So, Why DO “They” Hate Us?
I’ve always wanted to blog extensively on the various reasons as to why Europeans, and a lot of the rest of the world, seem to “hate” the United States. However, since so much has already been written, and much of it better than anything I could offer, I decided that it would be most beneficial to link to a few essential articles rather than re-hash them. After all, that’s one of the benefits of a blog, isn’t it?
But before providing those links (go to the bottom if you just can’t wait!), I’d like to point out that the ongoing investigation into the UN Oil for Food Program has provided evidence of some of the pragmatic reasons as to why the world was against our going into Iraq. The roadblocks set up to block anyone from taking final action were not put up out of any sense of fairness or due process (though the UN and Europe certainly do love “process”), but instead were placed for more selfish reasons.
According to the historian Paul Johnson, George Washington stated that “no nation can be trusted further than it is bound by interest.” (A History of the American People, p. 89) With this in mind, the information coming out of the aforementioned investigation has made it perfectly clear that it was those who most benefited from the corrupt UN Oil-for-Food program – particularly France, Russia and China who are all permanent members on the UN Security Council – who were also the strongest opponents against taking action against Saddam Hussein. While we have heard much about America going to war for oil, the Senate investigation is showing that, in fact, these nations were interested in preventing war for oil. Why? Because it was in their own best interest to do so. Over the years, Hussein earned $21 billion in Oil-for-Food money, but he didn’t keep it all.
According to U.S. officials, the former Iraqi leader spread billions of dollars around the globe, particularly targeting France, Russia and China, all permanent members of the U.N. Security Council.
While diplomats from those three nations deny they were bought off, and U.N. Secretary-General Kofi Annan says he doesn’t believe they were, Saddam’s oil voucher scheme was aimed at ending sanctions, and a CIA report [The Duelfer Report, this link is to the Key Findings (pdf format)] revealed that Saddam was very generous to his friends and supporters.
What Saddam instituted was, essentially, an oil voucher program whereby he gave vouchers to “sympathizers and supporters” who could then sell them and earn “hundreds of thousands, or even millions of dollars.”
The Bush Administration is constantly criticized for failed diplomacy because it did not effectively “make the case” to our “traditional” allies for war with Iraq. The cleverness of this argument is that it implies that the onus for diplomacy is always on the United States and gives the rest of the world a pass. The natural result is that any diplomatic failure is the fault of America. The possibility of the intransigence of our prospective “allies” is never acknowledged. Thus, the importance of the UN Oil-for-Food investigation is that it is finally exposing the truth. It is not that the Bush Administration wasn’t putting forth a convincing case, it was that these nations simply didn’t want to listen. They had no interest in changing their behavior because they were profiting from the situation as it was and probably believed that, once the sanctions agains Hussein were eventually lifted, they would be in a prime postion to profit even more.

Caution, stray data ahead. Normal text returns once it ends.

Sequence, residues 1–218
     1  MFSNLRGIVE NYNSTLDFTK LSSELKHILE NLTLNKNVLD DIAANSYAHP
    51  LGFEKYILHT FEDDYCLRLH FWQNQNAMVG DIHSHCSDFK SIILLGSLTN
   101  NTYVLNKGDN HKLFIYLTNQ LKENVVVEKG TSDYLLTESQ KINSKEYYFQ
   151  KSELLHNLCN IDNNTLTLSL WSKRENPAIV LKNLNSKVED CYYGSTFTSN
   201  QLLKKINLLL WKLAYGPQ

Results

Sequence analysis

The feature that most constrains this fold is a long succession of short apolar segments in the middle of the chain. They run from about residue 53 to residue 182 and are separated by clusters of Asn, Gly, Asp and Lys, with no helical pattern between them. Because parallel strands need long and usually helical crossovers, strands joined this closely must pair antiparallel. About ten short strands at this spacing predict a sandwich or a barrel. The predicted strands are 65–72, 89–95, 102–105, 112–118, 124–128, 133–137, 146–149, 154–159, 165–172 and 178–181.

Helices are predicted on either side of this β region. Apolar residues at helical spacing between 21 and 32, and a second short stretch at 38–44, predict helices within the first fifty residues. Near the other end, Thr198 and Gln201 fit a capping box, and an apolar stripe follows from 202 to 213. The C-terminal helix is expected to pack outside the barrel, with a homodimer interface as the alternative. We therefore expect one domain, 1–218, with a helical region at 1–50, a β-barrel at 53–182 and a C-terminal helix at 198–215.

However, Europe is comprised of more than its governments. What explanation can be given for why the general population seems to loathe us so? To answer this question, I recommend the following articles. (Note: some of the linked articles are quite long).
Perhaps the best article, and the only one that needs to be read, is by Bruce Bawer, called Hating America. Two shorter pieces, here and here, (each written by the co-authors of the book Hating America: A History) show that Europe’s loathing of America really is nothing new, while Joshua Levesto’s piece puts forth the theory that Europe is led by the wrong kind of anachronistic politicians who set the example for the general population. In “The Psychology of Appeasement,” Russell A. Berman shows it may go deeper than that. Finally, Victor Davis Hanson has written much that touches on this subject (an index of his columns are here). I’d recommend “Our Weird Way of War,” which shows that our enemies in the Middle East know which Western buttons to push; “Civilizaton vs. Trivia“; which illustrates the idiocy of relativistic outrage; and finally, “Let Europe be Europe“, which is almost self-explanatory.
There are many more, but these few articles are probably enough to illustrate the alternative viewpoint that the diplomatic rift between the U.S. and Europe are not all the fault of America.